The word “recipe” was not used very often in our household, as my family would confirm. I would remind them that Betty Crocker has a team of professionals. How can I compete with them to create the perfect cake? Rather, I enjoyed my free time reading, learning as much as I could about people and business. From these experiences I have developed a recipe for success.
A Pound of Risk
Leaders are willing to take risks and are not satisfied with the status quo.
A Spoonful of Empathy
Leaders find a way to give back to their community.
An Ounce of Opportunity
Leaders are continuous learners. Be a problem solver.
A Dash of Desire
Dedicated leaders tend to do the things that no one else wants to do.
A Tablespoon of Teamwork
Jim Collins, author of “Good to Great”, emphasized that you can have the right people on the bus, but it is more important to have them in the right seats.
A Chunk of Commitment
Leaders are not afraid to burn the midnight oil.
A Splash of Curiosity
Leaders are curious and competitive.
A Smidgen of Confidence
Let’s face it. Good leaders ooze a little confidence. Leaders tend to get up early, eat healthy and exercise. Go ahead. Try it!
A Pinch of Satisfaction
Leaders should pause occasionally and enjoy life.
A Cup of Success
Leaders should take time to celebrate the hard work of the team.
Be bold. Create your own recipe!
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How do you develop your company's core values? Mark Struckhoff and Michele Delcoure, both with Council of Churches discuss how they did it and the importance of why you should. Ask the Experts is a monthly series in cooperation with Springfield Business Journal. This is sponsored content.
As employees are more mobile and have a desire to work from home, Haden Long owner of Ellecor, explains office spaces are trending towards a more home-like feel. Things like shared work spaces, office pets, and cozy furnishings allow employees to be selective about where they work and become more effective as a result.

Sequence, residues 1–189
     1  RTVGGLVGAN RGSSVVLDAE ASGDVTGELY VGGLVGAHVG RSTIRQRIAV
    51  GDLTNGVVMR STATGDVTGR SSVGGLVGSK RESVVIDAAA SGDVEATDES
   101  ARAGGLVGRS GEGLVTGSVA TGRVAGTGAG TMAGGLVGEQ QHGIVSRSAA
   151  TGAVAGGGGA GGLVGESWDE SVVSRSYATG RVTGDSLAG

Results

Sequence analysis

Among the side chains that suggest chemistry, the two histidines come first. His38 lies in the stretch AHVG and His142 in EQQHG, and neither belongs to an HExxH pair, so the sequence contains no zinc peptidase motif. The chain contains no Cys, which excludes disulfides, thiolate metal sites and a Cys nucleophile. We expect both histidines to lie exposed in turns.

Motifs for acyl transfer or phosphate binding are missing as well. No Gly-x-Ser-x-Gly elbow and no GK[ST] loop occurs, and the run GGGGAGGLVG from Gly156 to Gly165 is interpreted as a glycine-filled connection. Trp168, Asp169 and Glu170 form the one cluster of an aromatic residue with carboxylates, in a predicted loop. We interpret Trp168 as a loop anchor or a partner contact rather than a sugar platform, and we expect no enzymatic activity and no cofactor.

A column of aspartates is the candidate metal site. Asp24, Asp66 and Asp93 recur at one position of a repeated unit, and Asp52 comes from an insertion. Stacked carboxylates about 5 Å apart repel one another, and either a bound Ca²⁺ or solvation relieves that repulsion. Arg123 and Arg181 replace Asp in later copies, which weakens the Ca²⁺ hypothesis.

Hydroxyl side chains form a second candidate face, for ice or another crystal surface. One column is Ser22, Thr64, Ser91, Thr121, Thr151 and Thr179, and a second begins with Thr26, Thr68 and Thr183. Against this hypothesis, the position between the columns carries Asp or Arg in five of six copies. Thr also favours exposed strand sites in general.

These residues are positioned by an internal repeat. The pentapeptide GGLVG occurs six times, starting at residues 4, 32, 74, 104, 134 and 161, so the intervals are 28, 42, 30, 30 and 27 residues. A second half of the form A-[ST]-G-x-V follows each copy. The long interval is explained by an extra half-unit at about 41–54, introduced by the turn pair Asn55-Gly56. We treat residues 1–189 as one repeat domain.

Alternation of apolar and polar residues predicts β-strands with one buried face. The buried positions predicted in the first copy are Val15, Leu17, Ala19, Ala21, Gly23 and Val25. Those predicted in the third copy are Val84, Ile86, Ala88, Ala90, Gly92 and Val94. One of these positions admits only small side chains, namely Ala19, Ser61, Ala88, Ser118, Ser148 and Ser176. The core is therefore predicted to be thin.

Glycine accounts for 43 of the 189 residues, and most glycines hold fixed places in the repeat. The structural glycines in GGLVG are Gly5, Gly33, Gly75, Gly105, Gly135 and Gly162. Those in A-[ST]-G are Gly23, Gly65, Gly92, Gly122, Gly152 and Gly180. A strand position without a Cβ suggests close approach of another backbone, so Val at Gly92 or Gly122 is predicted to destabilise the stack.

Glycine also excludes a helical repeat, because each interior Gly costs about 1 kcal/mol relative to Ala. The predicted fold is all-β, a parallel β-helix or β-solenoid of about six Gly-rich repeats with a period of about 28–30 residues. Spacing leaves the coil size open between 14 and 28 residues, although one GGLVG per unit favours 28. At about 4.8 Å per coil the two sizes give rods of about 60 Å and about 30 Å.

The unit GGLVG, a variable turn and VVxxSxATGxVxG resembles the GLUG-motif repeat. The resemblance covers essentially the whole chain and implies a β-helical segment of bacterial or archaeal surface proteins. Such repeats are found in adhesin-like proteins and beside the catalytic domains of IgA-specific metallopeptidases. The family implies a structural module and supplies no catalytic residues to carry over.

Every industry has to navigate trend shifts, but Scott Shotts of Missouri Spirits describes the changes in beverage industry as anarchy. Tried-and-true spirits rules are being ignored. Learn how the local distillery balances following the trends for product development with taking risks.
Kevin Wyas, founder of ECRI, started his first business at the age of 19, ran the business for 16 years before selling it. He recognizes the benefits of starting a business so young when he had relatively little to lose. "The stress and the uncertainty of this would be crippling," he says for somebody accustomed to a regular paycheck.
ighty percent of questions are common across industries, so you don't need industry-specific experience to do effective market research according to Debra Kassarjian, independent consultant and owner of DKInsights. As a matter of fact, she thinks there is a great deal to be gained from exchanging ideas outside of your industry.
Danny Collins, 37 North founder and guide, says the biggest leap they took in the first year was to purchase a vehicle. That major financial investment, however, allowed them to provide their outdoor guide services at a price point they felt was more appropriate.
Springfield Diner owner Ömer Önder sits down with a restaurant consultant who starts challenging the menu offerings."No bashful food." The blunt conversation is the launching off point to determine how the Mediterranean influence will affect the young restaurant's offerings in the future. Made to Order is an ongoing sbjLive documentary series in collaboration with Springfield Business Journal tracking the rebranding of a local restaurant.
Haden Long, owner of Ellecor, opened a retail home decor business five years ago in a traditional retail space. When the interior design side of the business took off, she decided to renovate a 100-year old bungalow to better show off product samples and installations.
Scott Shotts, partner with Missouri Spirits, says when they started in 2011 there were approximately 300 distilleries in the U.S. and now there are more than 3,000 so competition has grown significantly. Diversification of their business model has helped them succeed.
Matthew Blystone of Theta Float Spa had the financial means to start the unique business, but used crowdsourcing for pre-orders to determine market interest in addition to gathering a nice cash reserve before opening.